In Brief
  • Mark Cuban, owner of the Dallas Mavericks, has recently stated in a conversation with Scott Santens on twitter that he thinks UBI is "one of the worst possible responses."
  • With job loss due to automation becoming an ever-increasing reality, UBI is garnering more serious consideration.

Not a Fan

When business mogul Mark Cuban tweeted his concerns over the imminent unemployment that could stem from increased automation, Scott Santens assumed that the Dallas Mavericks owner was out to support universal basic income (UBI). Santens, a UBI advocate, replied to Cuban’s tweet, welcoming Cuban into “Team #Basicincome.” Cuban, however, flat out responded by saying that he wasn’t in favor of UBI. “I think it’s one of the worst possible responses,” he replied to Santens.

In the above conversation, Santens tried to convince Cuban of the merits of a UBI program. One of the arguments he put forward is what he calls the ‘entrepreneurial effect of basic income’. Cuban replied, saying that he has “spent a lot of time looking at [UBI]. I don’t see those countries [running a basic income program] as being apples to apples.” Cuban also said that there are existing safety net programs today “that need to be more efficient so more money can be distributed with far less overhead.”

UBI Basics

Under a UBI program, citizens receive a fixed, regular income from the government regardless of their financial background, employment status, or other qualities. The only qualification is that the recipients are citizens, and typically that they are of legal adult age. One reason behind testing a basic income program, proponents argue, is that it offers a better alternative to existing social welfare programs. Santens told Cuban that current welfare programs “create disincentives” for people to seek jobs. Cuban said it’s something that “can be fixed.”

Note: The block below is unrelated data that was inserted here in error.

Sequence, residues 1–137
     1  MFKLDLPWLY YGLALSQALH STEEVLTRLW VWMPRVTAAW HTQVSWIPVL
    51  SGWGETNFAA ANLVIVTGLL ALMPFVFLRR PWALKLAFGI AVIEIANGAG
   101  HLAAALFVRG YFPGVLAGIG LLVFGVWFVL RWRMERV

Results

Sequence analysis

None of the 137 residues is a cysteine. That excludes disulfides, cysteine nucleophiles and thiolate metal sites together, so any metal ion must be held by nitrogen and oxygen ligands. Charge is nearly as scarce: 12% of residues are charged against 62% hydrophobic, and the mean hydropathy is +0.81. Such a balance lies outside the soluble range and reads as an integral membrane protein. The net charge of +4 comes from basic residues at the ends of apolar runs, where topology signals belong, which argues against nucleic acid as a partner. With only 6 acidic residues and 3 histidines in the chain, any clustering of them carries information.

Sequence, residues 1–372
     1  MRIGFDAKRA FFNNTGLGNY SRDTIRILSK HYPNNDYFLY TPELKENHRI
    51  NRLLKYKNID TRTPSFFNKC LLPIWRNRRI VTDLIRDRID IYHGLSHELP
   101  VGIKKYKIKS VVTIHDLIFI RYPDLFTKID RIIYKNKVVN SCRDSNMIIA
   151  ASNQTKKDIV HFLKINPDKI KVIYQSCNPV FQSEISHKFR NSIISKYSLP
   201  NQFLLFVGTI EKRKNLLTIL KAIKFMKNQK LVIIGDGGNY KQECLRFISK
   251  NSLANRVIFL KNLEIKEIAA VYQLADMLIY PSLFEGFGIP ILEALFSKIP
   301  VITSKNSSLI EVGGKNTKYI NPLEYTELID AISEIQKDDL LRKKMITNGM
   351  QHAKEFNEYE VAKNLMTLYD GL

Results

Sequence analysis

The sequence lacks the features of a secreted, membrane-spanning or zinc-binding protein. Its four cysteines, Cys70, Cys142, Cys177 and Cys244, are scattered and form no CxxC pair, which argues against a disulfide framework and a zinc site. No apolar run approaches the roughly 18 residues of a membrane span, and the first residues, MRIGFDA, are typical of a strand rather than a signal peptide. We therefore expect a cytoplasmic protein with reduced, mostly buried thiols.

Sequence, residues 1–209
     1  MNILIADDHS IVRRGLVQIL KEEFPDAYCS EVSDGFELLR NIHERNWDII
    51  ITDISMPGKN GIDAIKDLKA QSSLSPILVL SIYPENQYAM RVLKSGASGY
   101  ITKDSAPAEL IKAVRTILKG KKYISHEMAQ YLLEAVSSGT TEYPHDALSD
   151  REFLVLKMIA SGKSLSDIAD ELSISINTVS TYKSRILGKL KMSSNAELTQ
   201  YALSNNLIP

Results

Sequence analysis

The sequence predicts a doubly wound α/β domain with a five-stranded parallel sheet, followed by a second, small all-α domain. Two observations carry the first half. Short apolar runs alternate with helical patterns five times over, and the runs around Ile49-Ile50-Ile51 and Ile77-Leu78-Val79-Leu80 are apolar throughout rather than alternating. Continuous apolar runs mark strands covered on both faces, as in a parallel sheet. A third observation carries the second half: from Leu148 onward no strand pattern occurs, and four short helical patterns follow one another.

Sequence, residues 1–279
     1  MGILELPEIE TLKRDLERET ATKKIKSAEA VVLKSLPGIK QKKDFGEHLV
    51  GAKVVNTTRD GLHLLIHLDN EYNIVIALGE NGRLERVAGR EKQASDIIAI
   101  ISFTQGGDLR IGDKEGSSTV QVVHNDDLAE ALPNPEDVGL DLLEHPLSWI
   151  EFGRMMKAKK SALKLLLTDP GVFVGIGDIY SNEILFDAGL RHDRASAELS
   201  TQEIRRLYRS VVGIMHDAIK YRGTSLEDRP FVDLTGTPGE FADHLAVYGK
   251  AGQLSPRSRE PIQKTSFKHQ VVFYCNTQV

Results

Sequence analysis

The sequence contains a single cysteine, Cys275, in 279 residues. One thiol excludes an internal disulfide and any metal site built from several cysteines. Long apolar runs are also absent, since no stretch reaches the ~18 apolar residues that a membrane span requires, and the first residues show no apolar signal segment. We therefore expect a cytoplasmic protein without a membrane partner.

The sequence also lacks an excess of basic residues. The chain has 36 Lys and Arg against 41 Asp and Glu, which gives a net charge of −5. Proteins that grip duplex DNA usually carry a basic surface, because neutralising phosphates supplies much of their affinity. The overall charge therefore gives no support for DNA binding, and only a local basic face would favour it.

UBI isn’t a new idea. Recent concerns over job displacement due to automation, however, have given the UBI discussion a new spark. UBI advocates include economists from various countries and some of the tech industry’s top leaders.

As of today, there are also several pilot programs running basic income setups. There’s one in Finland, one in Kenya through a charity organization called GiveDirectly, and there is even one that’s blockchain-based courtesy of Grantcoin.